The Problem With Outdated “Rights”: 2 Teens in Georgia Shoot and Kill Infant

How and why do certain understandings of what is a human right come to gain authority? Who is authorized to declare what is and what is not a ‘right’, and whose voices are marginalized in the process? More specifically, how is it that in America it is considered an inalienable right to own a gun, while health care, education, and water are not considered fundamental human rights? Since the “right to bear arms” was initially created to ensure that Americans could overthrow the government should it become oppressive, why on earth would it remain intact today when there is no possible way that mere handgun fire could match the might of the American military?
Sadly, the answer –like most everything in America– comes down to the powerfully linked triad of capital-state-culture. American neoliberal “Raeganomics”, violently defended by the wealthy financiers and the mindless drone media networks they fund (i.e. Fox News), is predicated upon a republic of private property. Private property regimes allow capitalist accumulation to flow up, up, up, and –despite what the ideal suggests– little, if any whatsoever, ‘trickles back down’. Gun ownership protects Americans’ rights to protect their private property, cementing a very individualist, Right Wing vision of capitalist economics with the force of violence. However, most Americans won’t mention private property or neoliberal ideology when giving their reasons for needing guns, because the idea of gun ownership has been historically socially produced to mean something very important in American popular culture. Gun culture in America has eclipsed any sort of rational reasoning for gun ownership vs. gun control laws.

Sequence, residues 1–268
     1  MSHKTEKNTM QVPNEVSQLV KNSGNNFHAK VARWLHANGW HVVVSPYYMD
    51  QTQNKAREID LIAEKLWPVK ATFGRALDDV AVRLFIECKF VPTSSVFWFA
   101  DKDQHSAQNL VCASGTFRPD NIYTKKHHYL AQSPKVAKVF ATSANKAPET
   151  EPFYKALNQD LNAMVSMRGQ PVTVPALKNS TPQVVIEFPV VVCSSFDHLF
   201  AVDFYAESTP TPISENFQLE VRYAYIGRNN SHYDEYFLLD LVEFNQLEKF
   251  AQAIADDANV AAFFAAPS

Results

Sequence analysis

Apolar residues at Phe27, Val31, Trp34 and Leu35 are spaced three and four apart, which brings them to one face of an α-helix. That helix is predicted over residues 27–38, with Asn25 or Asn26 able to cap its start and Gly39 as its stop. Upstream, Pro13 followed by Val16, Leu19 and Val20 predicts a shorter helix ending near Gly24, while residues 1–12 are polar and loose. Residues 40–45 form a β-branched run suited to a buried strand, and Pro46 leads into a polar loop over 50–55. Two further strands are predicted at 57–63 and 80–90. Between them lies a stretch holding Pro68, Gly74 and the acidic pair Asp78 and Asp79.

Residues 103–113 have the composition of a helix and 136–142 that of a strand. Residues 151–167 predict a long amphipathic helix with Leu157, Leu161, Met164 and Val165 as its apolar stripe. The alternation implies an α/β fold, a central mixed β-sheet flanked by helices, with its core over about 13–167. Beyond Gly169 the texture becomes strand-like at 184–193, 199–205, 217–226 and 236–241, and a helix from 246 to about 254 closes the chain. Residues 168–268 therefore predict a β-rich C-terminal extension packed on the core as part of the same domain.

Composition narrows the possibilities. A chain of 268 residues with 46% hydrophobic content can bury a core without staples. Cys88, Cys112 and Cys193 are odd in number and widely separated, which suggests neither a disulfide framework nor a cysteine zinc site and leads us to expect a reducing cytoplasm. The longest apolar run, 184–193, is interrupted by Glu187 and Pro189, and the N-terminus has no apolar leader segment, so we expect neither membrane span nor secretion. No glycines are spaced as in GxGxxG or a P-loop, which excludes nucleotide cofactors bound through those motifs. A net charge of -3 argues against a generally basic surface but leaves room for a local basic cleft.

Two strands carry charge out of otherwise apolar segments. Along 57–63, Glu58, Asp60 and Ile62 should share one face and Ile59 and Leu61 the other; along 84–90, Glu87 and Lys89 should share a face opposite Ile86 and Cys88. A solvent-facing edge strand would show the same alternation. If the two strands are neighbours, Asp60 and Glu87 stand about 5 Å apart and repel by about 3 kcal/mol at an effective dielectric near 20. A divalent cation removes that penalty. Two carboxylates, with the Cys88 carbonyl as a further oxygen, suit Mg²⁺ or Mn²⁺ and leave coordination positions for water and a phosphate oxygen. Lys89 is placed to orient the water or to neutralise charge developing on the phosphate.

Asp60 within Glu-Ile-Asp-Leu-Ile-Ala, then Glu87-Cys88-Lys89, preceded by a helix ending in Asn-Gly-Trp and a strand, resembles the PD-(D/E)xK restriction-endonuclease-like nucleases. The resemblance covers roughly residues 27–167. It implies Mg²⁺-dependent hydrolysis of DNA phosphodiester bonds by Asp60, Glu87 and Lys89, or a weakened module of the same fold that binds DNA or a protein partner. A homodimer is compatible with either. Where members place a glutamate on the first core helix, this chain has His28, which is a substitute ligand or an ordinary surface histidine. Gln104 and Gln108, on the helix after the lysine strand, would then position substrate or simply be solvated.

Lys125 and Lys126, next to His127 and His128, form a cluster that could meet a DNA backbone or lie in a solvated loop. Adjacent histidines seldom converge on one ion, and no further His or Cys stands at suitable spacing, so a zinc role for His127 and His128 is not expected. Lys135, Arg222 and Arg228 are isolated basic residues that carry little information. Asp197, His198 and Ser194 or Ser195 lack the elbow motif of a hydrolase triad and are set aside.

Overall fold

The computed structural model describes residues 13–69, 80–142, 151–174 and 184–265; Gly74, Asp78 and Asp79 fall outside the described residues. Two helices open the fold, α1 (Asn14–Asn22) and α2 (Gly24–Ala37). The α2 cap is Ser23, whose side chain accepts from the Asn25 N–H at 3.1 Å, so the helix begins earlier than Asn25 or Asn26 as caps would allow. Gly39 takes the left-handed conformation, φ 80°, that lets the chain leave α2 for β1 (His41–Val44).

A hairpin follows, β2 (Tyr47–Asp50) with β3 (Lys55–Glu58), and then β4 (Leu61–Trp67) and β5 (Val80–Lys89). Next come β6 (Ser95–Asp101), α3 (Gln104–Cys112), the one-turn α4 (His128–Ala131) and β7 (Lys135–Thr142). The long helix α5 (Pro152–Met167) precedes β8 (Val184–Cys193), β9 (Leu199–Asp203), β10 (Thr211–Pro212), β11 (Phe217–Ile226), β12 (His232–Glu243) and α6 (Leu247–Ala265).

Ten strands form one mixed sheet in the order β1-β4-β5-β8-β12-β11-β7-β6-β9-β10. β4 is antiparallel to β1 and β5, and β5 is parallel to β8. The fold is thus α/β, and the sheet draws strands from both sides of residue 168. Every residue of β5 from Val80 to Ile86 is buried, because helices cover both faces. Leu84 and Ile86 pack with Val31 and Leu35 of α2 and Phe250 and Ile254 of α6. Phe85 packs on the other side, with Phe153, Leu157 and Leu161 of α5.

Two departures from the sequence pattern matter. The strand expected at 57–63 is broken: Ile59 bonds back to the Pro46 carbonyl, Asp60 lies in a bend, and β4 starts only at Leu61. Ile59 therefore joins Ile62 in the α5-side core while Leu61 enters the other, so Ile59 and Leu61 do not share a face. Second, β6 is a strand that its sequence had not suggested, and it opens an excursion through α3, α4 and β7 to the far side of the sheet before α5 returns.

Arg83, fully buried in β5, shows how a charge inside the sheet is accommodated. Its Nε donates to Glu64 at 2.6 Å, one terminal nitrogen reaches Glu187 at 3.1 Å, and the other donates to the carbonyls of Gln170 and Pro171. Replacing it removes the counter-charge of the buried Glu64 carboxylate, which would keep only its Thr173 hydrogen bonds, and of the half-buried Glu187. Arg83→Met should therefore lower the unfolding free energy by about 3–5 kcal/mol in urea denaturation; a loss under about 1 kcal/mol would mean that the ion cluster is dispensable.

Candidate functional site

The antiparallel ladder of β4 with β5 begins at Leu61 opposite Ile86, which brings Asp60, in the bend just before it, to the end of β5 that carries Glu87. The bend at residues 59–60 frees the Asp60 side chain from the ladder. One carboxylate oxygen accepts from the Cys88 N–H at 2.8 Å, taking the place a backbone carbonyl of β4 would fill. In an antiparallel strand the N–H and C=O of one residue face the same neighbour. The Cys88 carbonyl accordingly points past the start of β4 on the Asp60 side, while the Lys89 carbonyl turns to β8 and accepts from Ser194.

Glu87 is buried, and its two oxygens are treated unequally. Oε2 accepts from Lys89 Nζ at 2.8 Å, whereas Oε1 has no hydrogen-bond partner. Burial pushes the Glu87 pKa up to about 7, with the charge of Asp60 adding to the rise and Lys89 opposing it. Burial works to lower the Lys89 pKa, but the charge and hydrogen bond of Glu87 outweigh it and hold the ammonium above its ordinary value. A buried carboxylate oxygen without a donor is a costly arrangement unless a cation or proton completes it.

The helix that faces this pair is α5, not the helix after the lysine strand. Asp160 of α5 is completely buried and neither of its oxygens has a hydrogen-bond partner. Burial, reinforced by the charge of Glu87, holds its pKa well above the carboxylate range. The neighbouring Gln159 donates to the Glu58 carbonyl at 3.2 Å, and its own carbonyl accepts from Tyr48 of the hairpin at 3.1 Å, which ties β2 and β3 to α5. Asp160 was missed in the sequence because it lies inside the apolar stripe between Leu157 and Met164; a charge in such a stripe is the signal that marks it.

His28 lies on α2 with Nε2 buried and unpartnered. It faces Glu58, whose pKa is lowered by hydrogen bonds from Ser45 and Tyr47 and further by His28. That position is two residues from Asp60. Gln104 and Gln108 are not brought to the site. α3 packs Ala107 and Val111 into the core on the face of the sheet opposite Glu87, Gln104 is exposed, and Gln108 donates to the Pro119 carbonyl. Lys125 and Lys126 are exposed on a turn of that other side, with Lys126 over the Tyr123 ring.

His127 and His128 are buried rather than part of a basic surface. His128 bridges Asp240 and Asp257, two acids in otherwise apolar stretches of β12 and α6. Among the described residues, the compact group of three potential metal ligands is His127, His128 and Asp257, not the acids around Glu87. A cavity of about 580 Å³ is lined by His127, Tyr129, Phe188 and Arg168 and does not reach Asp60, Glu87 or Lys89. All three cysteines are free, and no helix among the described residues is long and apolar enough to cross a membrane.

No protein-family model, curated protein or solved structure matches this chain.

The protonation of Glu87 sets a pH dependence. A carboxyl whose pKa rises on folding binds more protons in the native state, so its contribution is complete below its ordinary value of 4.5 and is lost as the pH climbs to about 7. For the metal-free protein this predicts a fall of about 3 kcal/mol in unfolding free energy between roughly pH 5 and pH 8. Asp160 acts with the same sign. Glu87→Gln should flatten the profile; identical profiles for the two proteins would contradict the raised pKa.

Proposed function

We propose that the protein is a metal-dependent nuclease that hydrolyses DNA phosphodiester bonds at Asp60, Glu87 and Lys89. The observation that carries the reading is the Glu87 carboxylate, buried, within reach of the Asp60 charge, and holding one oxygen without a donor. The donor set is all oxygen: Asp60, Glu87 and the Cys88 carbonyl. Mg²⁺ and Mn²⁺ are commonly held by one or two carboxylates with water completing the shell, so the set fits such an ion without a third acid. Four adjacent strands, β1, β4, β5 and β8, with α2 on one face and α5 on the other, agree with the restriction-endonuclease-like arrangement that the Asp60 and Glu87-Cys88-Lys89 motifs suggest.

2365537_GHowever, when devastating events like the shooting that occurred this past Thursday, April 22nd, occur, it becomes harder and harder to defend the right to carry around a lethal weapon to run your day to day errands. Two teenagers shot and killed a 13-month old infant in Georgia while his Mother was taking him out for a stroll in his carriage. Sherry West was walking her son, Antonio, along a historic tree-lined street when two boys approached her and demanded money. When she said she didn’t have any, they threatened to kill her baby.
This news piece reports:

Authorities said one of the teens fired four shots, grazing West’s ear and striking her in the leg, before he walked around to the stroller and shot the baby in the face.

Seventeen-year-old De’Marquis Elkins is charged as an adult with first-degree murder, along with a 14-year-old who was not identified because he is a juvenile, Police Chief Tobe Green said.

This horrific event is not the first and will certainly not be the last tragedy that befalls America due to criminally outdated rights legislation. When children are shooting babies, something fundamental about the culture of guns needs to change, and along with it the ideology that is is ‘every man/woman for themselves’. Until we can unite, treat our fellow citizens non-violently, view ourselves as a collective rather than individuals, and replace hate with love, violence, competition, greed, inequality and individualism will wreak havoc. It’s time for a shift in the way we view the world, and consequently how we act in it.


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3 Comments on “The Problem With Outdated “Rights”: 2 Teens in Georgia Shoot and Kill Infant”

  1. lwk2431 March 23, 2013 at 9:11 pm #

    You wrote: